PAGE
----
Undeniably one of the most gifted from the group of the so-called Leonardeschi – the Milanese pupils of Leonardo da Vinci (1452-1519) – the Lombard artist Cesare da Sesto was instrumental in spreading the artistic vocabulary of his great master beyond Milan, especially throughout central and southern Italy. Executed during his first trip to Rome, between 1508 and 1513, this double-sided sheet provides an important testament to Cesare’s artistic interests and talent as a young draftsman. On the verso, there is an early copy of the figure of Eleazar (Moses’ nephew), frescoed by Michelangelo (1472-1564) in a lunette of the Sistine ceiling (Fig. 1). Its execution must follow the partial unveiling of Michelangelo’s frescoes in October 1511, towards the end of Cesare’s stay in Rome. The artist's significantly precocious interest in Michelangelo is further attested by a few other drawings made after the Sistine ceiling, including two ignudi quickly drawn in his sketchbook now in the Morgan Library, New York (inv. II, 50v and II,59r; see M. Carminati, Cesare da Sesto 1477-1523, Milan and Rome, 1994, pp. 63-64, ill.).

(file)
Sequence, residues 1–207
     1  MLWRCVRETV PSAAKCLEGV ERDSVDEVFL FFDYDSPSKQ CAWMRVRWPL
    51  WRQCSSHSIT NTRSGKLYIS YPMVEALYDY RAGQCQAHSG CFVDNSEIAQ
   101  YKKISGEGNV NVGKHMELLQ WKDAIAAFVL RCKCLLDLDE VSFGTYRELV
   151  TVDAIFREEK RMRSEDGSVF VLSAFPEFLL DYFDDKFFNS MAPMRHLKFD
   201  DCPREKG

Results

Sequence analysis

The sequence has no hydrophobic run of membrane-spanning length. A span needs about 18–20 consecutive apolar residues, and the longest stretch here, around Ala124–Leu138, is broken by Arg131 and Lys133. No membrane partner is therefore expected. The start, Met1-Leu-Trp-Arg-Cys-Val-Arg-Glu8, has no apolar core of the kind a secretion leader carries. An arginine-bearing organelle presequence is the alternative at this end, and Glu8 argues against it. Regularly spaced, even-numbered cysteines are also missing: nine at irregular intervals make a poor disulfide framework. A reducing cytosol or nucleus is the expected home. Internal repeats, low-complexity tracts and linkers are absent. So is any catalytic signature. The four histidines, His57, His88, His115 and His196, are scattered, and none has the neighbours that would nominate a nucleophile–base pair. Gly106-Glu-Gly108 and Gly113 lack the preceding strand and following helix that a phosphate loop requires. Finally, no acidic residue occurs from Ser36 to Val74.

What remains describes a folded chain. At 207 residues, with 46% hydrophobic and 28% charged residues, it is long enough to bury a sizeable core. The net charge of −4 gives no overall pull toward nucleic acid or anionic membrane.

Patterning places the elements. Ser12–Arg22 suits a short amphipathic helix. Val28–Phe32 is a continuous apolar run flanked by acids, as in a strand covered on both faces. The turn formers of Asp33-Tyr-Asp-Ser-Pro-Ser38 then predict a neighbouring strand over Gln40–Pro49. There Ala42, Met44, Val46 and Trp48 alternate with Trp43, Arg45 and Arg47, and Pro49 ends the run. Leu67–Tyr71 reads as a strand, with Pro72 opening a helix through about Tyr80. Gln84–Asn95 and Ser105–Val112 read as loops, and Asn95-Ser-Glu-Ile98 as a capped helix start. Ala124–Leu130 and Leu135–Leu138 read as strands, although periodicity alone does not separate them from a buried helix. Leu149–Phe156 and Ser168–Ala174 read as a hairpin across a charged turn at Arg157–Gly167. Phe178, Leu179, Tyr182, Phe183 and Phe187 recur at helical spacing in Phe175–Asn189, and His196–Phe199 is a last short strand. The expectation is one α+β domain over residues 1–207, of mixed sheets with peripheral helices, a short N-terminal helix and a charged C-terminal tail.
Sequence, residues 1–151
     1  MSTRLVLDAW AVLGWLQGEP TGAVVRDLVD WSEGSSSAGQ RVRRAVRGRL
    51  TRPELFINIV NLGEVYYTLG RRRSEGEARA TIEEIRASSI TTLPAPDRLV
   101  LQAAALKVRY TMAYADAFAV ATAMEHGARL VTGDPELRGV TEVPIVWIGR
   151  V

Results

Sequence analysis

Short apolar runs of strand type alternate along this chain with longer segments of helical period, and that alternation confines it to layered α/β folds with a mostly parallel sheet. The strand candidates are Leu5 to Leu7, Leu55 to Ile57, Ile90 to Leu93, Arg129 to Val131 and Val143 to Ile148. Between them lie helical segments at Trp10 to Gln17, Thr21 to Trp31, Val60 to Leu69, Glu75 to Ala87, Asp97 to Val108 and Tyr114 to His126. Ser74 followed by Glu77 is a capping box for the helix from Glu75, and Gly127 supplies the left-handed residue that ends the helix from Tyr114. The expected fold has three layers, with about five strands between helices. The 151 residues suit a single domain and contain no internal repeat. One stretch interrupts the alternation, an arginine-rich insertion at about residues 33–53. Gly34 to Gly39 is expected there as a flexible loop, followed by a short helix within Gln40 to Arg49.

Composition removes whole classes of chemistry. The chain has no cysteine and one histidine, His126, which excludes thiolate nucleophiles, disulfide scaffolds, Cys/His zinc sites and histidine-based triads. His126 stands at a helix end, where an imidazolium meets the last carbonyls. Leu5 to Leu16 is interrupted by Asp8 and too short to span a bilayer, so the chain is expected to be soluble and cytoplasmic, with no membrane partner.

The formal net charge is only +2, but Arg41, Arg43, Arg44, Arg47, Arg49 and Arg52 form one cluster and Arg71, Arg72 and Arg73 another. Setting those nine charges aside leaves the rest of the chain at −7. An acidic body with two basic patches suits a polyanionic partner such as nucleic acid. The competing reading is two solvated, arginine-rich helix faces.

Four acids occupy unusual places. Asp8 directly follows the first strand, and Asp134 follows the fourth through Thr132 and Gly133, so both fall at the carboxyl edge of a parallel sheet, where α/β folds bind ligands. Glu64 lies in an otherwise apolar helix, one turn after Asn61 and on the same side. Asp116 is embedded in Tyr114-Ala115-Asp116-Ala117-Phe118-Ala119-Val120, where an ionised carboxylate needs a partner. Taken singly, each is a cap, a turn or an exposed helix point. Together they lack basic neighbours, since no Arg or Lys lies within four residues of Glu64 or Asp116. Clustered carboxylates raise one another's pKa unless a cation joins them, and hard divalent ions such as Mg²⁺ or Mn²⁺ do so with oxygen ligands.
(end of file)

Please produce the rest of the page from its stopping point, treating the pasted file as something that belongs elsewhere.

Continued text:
Done in red chalk, reworked with pen and brown ink and finely shaded with tight parallel hatching, the present drawing represents one of the earliest records of appreciation for Michelangelo and the newly-unveiled Sistine frescoes among contemporary artists in Rome. Boldly drawn in pen and ink over faint traces of a red chalk underdrawing, the recto of the same sheet features a seductive dancing woman, possibly a Maenad, holding a bull’s head. The drawing reveals the artist’s interest both in classical antiquity and Raphael, whose style is clearly channeled here with unprecedented monumentality. In his own personal way, Cesare was clearly inspired by Raphael’s muses in the Parnassus in the Vatican Stanze, a fresco that he copied extensively, as proved again by other sketches in the Morgan (inv. II, 41r).
Fig. 1. Michelangelo Buonarroti, Eleazar (from the Sistine ceiling), Vatican Palace, Sistine Chapel